As such, it gives us great pleasure to announce that the winners of the Civic Buildings Unbuilt category are Hariri Pontarini Architects’ Baha'i Temple for South America and Samoo’s New York Korea Center in NYC, whilst the award for the best Completed Civic Building goes to Robert Simeoni Pty Ltd Architects for Seaford Life Saving Club in Melbourne. Many congratulations to all!
Common themes were thrown up by both jury panels during their animated debates, where the relationship between architectural design and building function was matched in importance by the integration of the structure into the urban realm – as Kate Goodwin explains in the video clip below – a feature that is clearly encapsulated by our three of winners. Effectiveness was also mentioned on numerous occasions, with the majority of shortlisted projects noted as having a positive emotive or passive effect on both the user and the passer-by.
The sheer variety of our entries always comes under scrutiny from jurors and this year, Aedas Director Sarah Williams was the first to remark that the “variety of projects submitted for the Civic Building Awards highlighted the different cultural approaches from around the world and the impact this can have on the local architecture. The winning schemes whilst very different both exhibited sensitivity to their site and clearly expressed their intent.” This feeling was echoed by Completed juror Keith Williams, who disclosed that “some buildings were very well known to the judges...others unknown and a complete surprise. The diversity of scales and budgets made the Civic Buildings Award judging such a pleasure.”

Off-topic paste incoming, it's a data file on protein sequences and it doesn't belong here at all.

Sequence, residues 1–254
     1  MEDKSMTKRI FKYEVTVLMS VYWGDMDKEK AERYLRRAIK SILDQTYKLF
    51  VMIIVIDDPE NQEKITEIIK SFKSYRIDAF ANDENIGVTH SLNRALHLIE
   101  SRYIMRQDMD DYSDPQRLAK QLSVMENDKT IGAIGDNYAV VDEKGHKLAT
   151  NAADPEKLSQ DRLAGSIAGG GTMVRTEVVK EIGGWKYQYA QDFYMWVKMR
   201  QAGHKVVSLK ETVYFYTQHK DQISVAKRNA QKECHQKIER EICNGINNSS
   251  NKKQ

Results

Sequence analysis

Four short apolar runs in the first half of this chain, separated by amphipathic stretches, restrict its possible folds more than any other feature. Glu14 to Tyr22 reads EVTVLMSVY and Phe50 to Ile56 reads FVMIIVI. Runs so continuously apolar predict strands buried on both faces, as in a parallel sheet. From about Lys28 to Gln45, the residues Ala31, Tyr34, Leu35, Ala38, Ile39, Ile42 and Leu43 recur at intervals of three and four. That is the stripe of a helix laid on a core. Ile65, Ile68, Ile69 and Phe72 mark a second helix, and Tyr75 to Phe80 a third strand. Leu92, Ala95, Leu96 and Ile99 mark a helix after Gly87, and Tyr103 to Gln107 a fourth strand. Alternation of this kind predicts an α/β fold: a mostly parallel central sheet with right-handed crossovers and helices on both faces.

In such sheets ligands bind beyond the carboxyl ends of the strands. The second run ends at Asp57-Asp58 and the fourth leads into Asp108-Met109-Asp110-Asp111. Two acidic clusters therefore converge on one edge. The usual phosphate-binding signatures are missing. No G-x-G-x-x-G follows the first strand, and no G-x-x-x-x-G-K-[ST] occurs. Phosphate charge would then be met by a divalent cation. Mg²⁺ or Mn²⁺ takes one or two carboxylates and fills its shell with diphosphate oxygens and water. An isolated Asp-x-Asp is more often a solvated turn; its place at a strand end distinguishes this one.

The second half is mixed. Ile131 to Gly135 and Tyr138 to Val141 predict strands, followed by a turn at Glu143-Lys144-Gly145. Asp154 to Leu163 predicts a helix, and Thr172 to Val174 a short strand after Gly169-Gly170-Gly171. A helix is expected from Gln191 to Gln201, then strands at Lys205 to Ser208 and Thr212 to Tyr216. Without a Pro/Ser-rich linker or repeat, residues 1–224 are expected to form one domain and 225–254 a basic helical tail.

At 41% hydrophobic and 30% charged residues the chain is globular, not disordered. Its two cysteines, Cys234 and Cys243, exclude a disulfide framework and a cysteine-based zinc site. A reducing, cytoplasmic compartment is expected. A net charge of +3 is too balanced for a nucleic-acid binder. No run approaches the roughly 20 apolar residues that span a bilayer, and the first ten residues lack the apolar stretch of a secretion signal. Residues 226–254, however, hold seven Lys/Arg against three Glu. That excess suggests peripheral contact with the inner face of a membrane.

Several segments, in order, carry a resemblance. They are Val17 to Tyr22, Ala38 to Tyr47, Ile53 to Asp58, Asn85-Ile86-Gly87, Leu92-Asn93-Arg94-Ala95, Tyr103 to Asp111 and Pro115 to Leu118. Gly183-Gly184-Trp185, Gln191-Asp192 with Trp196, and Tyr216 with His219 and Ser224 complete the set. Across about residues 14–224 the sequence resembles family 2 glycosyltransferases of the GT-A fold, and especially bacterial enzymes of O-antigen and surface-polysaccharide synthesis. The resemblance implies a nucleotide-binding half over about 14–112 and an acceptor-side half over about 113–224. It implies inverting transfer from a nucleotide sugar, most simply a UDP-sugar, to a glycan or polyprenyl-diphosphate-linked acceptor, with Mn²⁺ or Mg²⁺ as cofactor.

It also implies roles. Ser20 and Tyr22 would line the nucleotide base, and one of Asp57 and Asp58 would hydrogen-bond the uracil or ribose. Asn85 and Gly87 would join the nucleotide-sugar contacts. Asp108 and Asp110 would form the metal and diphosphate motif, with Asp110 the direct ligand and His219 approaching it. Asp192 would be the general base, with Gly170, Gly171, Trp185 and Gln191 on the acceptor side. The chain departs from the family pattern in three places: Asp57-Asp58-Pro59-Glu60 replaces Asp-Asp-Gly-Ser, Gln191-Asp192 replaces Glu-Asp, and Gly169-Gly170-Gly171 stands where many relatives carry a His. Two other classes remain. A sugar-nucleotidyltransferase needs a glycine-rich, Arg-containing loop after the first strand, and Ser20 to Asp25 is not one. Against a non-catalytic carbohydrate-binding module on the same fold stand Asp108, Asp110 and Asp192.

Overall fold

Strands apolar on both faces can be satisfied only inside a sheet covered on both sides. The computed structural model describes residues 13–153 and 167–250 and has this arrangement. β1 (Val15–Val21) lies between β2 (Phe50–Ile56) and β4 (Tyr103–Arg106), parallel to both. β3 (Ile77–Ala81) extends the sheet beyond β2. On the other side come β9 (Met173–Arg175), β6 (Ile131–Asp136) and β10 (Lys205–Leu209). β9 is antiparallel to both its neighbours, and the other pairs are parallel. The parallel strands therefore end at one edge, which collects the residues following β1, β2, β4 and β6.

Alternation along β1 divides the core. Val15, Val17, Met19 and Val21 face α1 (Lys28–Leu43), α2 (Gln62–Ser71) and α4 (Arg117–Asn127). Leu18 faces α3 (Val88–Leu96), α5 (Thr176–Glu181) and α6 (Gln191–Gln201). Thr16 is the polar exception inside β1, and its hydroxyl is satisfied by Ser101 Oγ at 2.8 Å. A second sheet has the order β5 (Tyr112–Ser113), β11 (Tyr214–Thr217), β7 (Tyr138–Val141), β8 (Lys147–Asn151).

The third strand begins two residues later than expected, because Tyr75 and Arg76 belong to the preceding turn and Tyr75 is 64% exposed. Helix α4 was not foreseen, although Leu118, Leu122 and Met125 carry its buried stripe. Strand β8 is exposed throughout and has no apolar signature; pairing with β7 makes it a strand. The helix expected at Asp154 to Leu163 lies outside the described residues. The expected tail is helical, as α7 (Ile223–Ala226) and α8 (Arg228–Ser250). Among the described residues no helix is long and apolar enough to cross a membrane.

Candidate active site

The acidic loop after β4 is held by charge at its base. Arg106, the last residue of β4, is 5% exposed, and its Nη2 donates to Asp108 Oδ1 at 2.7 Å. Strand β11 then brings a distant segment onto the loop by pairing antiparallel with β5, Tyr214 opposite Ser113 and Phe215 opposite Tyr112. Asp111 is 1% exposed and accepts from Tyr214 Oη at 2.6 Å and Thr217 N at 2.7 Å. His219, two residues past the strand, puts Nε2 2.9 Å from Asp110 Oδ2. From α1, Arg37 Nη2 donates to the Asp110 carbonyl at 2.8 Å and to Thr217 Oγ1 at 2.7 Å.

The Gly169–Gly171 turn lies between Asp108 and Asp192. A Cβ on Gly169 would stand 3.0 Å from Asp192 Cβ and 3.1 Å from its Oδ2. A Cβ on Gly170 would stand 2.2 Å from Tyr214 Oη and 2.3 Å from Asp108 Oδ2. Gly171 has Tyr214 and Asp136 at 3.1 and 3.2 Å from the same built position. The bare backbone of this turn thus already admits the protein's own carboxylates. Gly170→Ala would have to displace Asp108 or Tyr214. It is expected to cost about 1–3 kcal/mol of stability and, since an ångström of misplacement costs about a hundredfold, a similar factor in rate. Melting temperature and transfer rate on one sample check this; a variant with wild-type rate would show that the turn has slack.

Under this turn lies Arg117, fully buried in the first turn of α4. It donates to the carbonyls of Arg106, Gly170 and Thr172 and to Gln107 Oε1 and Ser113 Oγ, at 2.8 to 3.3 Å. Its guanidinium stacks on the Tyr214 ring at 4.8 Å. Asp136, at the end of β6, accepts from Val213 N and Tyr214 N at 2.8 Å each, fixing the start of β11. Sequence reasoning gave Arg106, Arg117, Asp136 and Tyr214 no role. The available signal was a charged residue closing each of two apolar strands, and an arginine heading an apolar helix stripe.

Whilst debate raged between the Unbuilt jurors as to which of the shortlisted entries should be cast out of the running, for their Completed counterparts there was one clear winner. Project Director at EllisWilliams and UIA representative, Lester Korzilius explained “the Seaford Life Saving Club was the project that collectively scored the highest among all the aspects that the jury considered. The programme/brief is well resolved and clearly expressed in an uplifting manner through a series of internal and external spaces that are intimately tied to the site.” In a world where economic problems are still at the forefront of everyone’s minds, it is refreshing that a project on a modest budget topped tens of lavish and grander schemes, demonstrating that "buildings with the largest budgets and the most ambitious programmes do not necessarily win out."